Cell Cycle and Cell Division
Cell Cycle and Cell Division
The cell cycle is a series of events by which a cell duplicates its genome, synthesizes other constituents of the cell and eventually divides into two daughter cells.
In a typical eukaryotic somatic cell, cell cycle has two main phases- long non-dividing interphase (I-phase) and a short
nucleus dividing the mitotic phase (M-phase).
Interphase is a metabolically active phase and is divided into the first gap phase or G1-phase, synthetic phase or S-phase and second gap phase or G2-phase.
G1 phase: This phase is between the end of M-phase of the previous cell cycle and initiation of S-phase. It is the longest phase of interphase. In this phase, the cell grows in size and RNA and proteins are synthesized. Cell organelles also increase in number. From G1, phase, cells may enter into S-phase or sometimes in the G0 phase.
S-phase: During this phase DNA synthesis takes place. DNA content becomes double, though the ploidy level remains the same. Histone proteins are synthesized during S-phase.
G2 phase: In this phase, synthesis of DNA stops, however, the formation of RNAs and proteins continues which are required for multiplication of cell organelles, spindle formation, aster formation, and cell growth. In animal cells, centrosome begins to divide and there is an extensive synthesis of tubulin protein to form microtubules.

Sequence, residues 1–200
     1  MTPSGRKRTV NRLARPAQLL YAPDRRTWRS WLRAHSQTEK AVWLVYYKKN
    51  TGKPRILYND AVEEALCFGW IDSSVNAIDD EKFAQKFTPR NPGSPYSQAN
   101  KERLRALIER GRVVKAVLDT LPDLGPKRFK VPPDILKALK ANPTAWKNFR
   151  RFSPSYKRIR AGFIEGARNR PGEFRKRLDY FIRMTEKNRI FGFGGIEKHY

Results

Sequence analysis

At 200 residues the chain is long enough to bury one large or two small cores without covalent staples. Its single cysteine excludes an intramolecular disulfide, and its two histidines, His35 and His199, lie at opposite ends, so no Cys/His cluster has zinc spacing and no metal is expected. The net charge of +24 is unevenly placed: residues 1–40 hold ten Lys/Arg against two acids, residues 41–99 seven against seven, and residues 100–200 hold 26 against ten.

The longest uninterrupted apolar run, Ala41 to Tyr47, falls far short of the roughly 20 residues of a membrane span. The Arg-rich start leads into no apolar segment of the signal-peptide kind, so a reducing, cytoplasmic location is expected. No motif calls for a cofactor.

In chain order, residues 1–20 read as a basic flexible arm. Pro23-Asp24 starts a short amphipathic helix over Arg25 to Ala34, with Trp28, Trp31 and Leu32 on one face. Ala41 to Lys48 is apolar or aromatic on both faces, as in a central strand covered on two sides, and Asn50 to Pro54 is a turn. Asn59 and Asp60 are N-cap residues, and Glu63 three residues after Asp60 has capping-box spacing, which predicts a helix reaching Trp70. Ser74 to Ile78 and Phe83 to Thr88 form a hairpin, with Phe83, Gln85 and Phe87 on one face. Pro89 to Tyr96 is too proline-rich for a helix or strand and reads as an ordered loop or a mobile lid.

M-phase is divided into -karyokinesis or the division of nucleus followed by cytokinesis or the division of cytoplasm.
Karyokinesis in again divisible into - prophase, metaphase, anaphase, and telophase.
G0 phase is a period in the cell cycle in which cells exist in a quiescent state. Go phase is viewed either as an extended G, phase, where the cell is neither dividing nor preparing to divide or a distinct quiescent stage that occurs outside the cell cycle.
Cell Cycle Checkpoints
Two key classes of regulatory molecules, cyclins and cyclin-dependent protein kinases (CDKs) determine a cell's progress
through the cell cycle.
Cell cycle checkpoints are the control mechanisms that ensure the fidelity of cell division. There are two regulatory mechanisms which take decision about cell division.
The first checkpoint is called G, cyclin (C,; or G,/S) which is present in between G, and $ phase. In G,, CDK becomes active
by G, cyclin, and ATP at its activation site. It causes the transition of G, to S phase. G, cyclin is destroyed at the end of S-phase and CDK becomes inactive.
Second checkpoint is present between G) and M-phase. During the G2 phase, inactive CDK binds to mitotic cyclin (Cy
or G/M). It gets phosphorylated at its both activation and inhibitory sites but still remains inactive. On removal of PO,
from the inhibitory site, it becomes active and causes the transition from G2 to M-phase. At the end of M-phase, mitotic
cyclin (Cy) is degraded, PO, at activation site is removed and the cell enters into G1 again.
Cell division is the process of formation of new or daughter cells from pre-existing or parent cells. It is of three types-amitosis, mitosis, and meiosis.
Amitosis or Direct Cell Division
mitosis is characterized by the splitting of the nucleus followed by that of cytoplasm. It is a simple method of cell division described by Flemming (1882).
In this method, the nucleus elongates and constricts in the middle to form two daughter nuclei without the formation of spindle fiber or the appearance of chromosomes.